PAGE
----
Trade Compliance Training

Export Compliance

What is an Export?

Most people know that an export is any transfer of material, equipment, technology, information, or services outside of the country. But did you know that an export can also occur when no physical product is transported?

If information about materials, equipment, technology, data, or services is shared, even inadvertently, with a foreign person or entity, this is also considered an export.

A lot of people also don’t realize that if you take an export-controlled item with you to a foreign country, for example in your hand-luggage on a flight, this is considered an export – even if you intended to bring the item back with you on your return journey.

Export controls are designed to protect national security, foreign policy, economic interests, and human rights. They help prevent sensitive and strategic materials and technologies, as well as weapons, from falling into the wrong hands.

Governments use export controls to regulate the exports of sensitive equipment, software, and technology to bolster their economic, national security, and foreign policy objectives.

Export controls may target countries, governments, companies, entities, financial institutions, non-profit organizations, and even individuals (such as terrorists or military leaders).

Violations of export laws and regulations can result in:

  • Significant fines and jail time for individuals
  • Significant fines for the company – up to twice the value of the transaction
  •  Seizure of goods
  • Loss of export licenses for a set period or permanently
  • Mandatory and comprehensive government audits
  • Reputational harm to the company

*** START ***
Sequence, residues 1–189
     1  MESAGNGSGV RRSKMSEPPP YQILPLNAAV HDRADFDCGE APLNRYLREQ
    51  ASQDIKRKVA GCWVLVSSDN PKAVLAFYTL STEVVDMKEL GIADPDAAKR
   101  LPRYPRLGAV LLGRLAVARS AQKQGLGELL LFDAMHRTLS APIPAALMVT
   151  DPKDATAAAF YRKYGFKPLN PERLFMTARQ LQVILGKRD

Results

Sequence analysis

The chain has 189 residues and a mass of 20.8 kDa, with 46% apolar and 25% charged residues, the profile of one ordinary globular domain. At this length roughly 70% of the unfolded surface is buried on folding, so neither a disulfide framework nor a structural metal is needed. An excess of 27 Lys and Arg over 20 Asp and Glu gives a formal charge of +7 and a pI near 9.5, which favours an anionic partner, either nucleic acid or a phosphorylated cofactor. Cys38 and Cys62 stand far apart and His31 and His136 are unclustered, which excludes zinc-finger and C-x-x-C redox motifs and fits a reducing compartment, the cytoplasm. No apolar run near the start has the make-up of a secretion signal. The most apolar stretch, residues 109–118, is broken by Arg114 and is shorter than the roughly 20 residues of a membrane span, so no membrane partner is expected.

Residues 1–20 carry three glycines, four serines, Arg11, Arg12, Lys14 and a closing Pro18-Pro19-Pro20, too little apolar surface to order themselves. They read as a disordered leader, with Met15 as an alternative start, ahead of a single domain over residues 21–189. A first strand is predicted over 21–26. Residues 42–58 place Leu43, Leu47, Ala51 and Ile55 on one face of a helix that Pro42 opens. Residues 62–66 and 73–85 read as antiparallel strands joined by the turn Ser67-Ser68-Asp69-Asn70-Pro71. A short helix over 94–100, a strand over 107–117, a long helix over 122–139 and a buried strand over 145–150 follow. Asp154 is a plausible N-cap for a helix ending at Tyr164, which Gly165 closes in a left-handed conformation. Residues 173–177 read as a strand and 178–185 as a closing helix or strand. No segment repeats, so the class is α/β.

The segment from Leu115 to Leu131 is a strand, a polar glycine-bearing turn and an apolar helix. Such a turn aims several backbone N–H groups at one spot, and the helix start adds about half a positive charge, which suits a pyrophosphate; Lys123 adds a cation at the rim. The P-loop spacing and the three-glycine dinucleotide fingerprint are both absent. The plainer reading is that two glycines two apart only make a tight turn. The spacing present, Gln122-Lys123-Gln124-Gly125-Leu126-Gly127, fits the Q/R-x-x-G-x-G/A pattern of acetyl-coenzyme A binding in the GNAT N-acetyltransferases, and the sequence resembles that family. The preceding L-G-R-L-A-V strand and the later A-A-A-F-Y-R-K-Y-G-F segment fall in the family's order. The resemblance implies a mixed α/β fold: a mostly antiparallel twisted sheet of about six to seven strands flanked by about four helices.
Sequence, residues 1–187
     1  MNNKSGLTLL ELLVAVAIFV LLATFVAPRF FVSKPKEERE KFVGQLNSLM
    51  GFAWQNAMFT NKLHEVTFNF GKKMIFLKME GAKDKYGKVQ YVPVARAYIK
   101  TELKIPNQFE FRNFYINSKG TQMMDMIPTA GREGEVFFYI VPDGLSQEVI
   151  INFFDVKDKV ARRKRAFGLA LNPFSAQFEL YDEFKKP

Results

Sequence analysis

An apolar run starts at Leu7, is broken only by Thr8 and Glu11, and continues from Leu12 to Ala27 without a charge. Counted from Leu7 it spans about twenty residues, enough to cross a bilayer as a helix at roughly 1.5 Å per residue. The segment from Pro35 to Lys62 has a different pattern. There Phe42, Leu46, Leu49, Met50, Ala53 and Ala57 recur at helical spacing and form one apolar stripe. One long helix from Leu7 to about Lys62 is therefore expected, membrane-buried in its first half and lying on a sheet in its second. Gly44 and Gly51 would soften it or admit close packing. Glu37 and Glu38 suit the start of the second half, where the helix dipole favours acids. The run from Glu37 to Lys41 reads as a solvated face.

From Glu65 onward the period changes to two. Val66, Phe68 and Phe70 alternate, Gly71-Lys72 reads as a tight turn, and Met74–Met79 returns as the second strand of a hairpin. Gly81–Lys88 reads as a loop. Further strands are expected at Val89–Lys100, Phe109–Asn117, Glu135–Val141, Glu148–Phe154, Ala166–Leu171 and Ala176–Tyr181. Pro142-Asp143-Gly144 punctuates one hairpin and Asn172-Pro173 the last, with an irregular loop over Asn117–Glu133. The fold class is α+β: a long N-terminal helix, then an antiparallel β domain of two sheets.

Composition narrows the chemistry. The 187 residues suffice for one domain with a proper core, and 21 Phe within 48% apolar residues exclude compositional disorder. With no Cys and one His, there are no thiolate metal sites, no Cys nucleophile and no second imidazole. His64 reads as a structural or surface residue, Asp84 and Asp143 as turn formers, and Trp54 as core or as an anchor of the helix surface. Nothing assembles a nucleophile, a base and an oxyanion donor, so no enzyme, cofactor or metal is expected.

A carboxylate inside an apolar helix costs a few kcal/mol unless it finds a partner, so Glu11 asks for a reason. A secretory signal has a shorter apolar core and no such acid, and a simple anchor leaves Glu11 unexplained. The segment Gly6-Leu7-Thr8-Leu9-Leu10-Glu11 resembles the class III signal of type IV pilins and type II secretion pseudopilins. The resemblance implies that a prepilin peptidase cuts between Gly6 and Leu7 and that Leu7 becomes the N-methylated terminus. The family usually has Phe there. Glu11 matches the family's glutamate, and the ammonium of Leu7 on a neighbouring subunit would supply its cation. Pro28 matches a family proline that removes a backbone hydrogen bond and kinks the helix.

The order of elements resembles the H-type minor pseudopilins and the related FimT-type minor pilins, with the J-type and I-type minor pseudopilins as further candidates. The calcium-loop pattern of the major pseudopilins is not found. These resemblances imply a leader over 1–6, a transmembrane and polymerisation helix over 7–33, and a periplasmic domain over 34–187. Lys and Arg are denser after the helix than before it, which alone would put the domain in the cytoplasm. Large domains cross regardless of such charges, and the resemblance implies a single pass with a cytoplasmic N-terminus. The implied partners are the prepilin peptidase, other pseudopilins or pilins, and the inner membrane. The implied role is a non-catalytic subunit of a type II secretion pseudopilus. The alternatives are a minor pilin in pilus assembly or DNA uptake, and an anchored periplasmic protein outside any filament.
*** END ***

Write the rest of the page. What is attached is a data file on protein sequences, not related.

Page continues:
Types of Export

It’s important that you understand how exports are classified; and understand what the different classifications mean.
Exports are classified as:

  • Direct Exports
  • Re-Exports
  • Deemed Exports
  • Deemed Re-Export

Now let’s look at each classification in more detail.

Direct Exports

A direct export is any item that is sent from the country of origin to a foreign destination – either physically, electronically, or by other means.


A re-export is the actual shipment or transmission of an item subject to the Export Administration Regulations (EAR) from one foreign country to another foreign country, including the sending or taking of an item to or from such countries in any manner. This means that if you ship goods from the US to France, and the goods are then shipped on to Turkey, US export controls laws still apply to the second stage of the shipment.

Deemed Exports

The release of certain technology, hardware, software, or information that is subject to EAR export regulations to a foreign national or foreign entity located (living, working, or visiting) in the country of origin is a deemed export.
“Release,” under this definition can include any written, oral, visual release, or disclosure.
For example, discussing US technical specifications, which are subject to export regulation, with a Chinese citizen working in California would be “deemed” to be an export of those specifications to China.

Deemed Re-Export

The release or transfer of technology, information, hardware, or software source code subject to the EAR to a foreign person or foreign entity of a country other than the foreign country to which the initial release or transfer took place (or is deemed to have taken place).
For example, let’s say a US company transfers its export-controlled technology to a company in country X. The receiving company in country X is going to provide that controlled technology to its employee, who is a citizen of country Y. This would be considered a deemed re-export to country Y.

This content is an extract from the trade compliance training course

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